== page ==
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Embracing Teacher-Directed Professional Learning

Terri Howell, Mary Spring

Summer Writing Institute at Columbia University, and author of countless books about teaching writing ( readingandwritingproject.com).

One thousand teachers from nine different countries attended this 26th writing institute. We all attended Lucy’s morning keynote address, but the rest of the day we worked with Calkins’s staff developers in smaller specialist groups geared to the grade we taught or to the role we had within our board or school. At the end of each day, the seven of us, our heads full of new ideas, would gather in our residence room to debrief and share the writing we had done. “It was some of the most enriching I have ever had,” said Wendy Stephen, after attending her first writing institute in 2008.

It is 4:45 and we try to be strict about ending our meetings at 5 o’clock so the parents in our group can get home. Libs asked Debbie to share what she did with a poetry unit in her grade 8 class. Debbie gathered ideas from her notes from the institute and other books. She has a wealth of student examples and the modelled writing from the mini lessons she taught, which we look at on the document camera. We discuss how we can adapt the lessons for the Junior grades, or even for Primary learners. We are all madly scrawling notes.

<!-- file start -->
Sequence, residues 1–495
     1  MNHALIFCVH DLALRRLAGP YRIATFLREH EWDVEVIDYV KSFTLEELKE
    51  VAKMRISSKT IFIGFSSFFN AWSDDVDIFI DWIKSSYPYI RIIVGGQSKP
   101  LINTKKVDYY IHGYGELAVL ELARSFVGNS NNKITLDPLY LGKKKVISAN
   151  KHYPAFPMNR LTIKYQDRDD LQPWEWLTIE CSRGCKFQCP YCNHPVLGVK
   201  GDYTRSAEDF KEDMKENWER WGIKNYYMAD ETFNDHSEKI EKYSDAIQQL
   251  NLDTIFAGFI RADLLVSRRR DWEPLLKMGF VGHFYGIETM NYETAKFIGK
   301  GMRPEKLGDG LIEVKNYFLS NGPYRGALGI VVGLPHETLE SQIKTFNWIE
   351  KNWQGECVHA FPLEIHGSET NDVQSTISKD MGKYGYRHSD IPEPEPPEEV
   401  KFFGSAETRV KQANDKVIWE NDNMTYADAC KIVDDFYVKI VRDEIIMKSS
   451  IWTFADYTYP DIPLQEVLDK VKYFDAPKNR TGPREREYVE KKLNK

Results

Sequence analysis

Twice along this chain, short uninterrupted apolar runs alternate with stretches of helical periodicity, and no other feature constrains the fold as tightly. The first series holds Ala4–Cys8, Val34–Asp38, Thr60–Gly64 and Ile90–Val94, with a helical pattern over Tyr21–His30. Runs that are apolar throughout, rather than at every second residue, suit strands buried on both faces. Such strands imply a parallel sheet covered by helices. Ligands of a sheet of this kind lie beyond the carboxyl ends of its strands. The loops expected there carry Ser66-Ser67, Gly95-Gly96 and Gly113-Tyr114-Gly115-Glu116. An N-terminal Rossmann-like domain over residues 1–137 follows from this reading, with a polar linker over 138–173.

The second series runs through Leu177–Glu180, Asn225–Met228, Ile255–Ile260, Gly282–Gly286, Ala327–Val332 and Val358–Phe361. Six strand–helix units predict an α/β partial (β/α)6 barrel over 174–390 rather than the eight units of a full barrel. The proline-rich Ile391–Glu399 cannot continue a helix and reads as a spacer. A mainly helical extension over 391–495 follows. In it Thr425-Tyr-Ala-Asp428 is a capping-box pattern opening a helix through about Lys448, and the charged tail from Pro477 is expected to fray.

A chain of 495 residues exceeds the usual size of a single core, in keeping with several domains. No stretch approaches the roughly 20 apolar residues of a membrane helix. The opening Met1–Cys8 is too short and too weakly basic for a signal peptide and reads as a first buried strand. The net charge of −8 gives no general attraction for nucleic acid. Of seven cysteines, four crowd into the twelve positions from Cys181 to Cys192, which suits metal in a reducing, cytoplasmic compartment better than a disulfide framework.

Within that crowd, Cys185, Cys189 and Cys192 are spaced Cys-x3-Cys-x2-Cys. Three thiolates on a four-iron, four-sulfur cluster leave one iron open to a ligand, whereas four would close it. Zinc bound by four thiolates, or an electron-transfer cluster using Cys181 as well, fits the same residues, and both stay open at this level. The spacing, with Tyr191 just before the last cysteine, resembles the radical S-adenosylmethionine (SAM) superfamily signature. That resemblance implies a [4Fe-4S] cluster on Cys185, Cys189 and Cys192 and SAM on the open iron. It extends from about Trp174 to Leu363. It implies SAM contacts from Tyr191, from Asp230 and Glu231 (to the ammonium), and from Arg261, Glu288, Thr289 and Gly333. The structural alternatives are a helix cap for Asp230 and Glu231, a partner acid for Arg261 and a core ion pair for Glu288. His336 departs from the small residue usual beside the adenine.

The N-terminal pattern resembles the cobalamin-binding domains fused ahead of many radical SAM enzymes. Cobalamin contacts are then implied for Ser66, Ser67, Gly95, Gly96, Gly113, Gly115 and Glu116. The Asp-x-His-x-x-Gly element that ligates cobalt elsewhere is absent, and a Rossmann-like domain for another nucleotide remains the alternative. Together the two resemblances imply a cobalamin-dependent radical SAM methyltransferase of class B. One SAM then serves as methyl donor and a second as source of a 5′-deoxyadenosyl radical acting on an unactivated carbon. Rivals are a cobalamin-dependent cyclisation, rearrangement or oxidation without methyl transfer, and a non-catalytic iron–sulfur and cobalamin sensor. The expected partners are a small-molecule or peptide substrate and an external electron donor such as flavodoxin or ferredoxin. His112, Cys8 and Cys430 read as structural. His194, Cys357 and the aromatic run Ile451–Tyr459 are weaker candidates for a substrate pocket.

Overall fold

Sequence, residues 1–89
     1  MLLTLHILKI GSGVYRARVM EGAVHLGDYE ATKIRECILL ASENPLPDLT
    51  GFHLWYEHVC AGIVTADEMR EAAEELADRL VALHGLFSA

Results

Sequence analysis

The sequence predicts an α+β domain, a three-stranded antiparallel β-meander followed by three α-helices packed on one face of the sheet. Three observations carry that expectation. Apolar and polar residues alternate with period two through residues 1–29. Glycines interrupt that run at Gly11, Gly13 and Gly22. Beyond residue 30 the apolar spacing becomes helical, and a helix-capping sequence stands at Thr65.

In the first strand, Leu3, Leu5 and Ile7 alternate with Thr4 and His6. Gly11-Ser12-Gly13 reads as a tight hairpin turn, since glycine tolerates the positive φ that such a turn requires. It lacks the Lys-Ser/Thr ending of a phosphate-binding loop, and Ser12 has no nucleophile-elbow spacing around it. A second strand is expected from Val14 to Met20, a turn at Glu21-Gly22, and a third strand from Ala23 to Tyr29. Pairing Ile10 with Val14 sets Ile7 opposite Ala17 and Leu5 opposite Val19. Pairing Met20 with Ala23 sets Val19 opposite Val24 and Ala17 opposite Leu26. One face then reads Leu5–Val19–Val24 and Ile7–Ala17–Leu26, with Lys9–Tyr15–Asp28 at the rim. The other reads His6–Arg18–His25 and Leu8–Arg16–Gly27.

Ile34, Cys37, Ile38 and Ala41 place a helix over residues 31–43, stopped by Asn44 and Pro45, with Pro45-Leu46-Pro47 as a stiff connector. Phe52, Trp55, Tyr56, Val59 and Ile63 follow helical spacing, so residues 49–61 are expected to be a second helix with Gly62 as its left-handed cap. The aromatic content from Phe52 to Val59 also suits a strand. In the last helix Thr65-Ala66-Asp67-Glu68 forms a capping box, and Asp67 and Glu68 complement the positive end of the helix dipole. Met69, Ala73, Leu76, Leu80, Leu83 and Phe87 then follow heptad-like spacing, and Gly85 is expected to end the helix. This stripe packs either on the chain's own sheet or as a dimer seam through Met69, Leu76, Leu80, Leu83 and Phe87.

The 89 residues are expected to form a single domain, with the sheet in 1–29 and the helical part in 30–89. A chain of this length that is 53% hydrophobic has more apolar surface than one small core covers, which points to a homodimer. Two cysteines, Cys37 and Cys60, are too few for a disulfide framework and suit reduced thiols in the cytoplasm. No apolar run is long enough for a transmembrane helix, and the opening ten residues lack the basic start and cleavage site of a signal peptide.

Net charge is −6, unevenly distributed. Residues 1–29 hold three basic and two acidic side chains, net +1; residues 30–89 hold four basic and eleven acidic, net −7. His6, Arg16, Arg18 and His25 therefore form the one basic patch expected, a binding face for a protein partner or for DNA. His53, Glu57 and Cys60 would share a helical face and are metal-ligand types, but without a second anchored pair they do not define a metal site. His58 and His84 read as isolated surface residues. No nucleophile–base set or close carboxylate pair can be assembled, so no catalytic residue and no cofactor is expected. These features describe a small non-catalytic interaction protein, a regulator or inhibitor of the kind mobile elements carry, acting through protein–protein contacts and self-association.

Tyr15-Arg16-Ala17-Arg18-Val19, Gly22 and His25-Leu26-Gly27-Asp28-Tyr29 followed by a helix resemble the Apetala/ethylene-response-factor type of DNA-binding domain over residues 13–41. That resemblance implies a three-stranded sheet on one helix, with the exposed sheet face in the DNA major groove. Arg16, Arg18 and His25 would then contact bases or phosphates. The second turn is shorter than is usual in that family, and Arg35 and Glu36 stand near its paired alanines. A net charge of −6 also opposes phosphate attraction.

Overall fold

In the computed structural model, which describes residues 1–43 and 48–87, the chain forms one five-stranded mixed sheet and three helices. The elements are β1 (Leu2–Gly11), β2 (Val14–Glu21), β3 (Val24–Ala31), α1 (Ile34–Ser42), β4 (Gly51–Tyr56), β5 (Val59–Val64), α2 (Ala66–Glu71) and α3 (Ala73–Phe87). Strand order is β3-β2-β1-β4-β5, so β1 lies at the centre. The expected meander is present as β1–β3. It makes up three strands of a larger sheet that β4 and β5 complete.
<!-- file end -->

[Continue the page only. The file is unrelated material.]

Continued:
Not all of our writing groups are focused on studying a book; our topics are as varied as we are. We attempt to meet the group’s needs, respecting the fact that not everyone went to New York City. For example, one focus of the Columbia University writer’s workshop is conferencing with children about their writing — one on one or in small guided groups — and how to recognize quickly what students can do to improve their writing. We brought this new skill back to our study group by having each teacher bring a sample of student work, especially from students who were puzzling to them or who weren’t progressing as they thought they should. We have also spent meetings watching videos and sharing books and techniques used by Calkins and her staff developers, who are engaged in perfecting the art of the student conference to improve writing. At other meetings, we have each brought a mentor text and explained how the text could be used in a mini lesson to teach a specific writing skill, and how to connect reading and writing within the literacy block.

In addition to the travel to New York City, the TLLP grant has given our group two other great benefits: we have purchased writing resources, such as mentor texts and books by Calkins and her staff developers; and we

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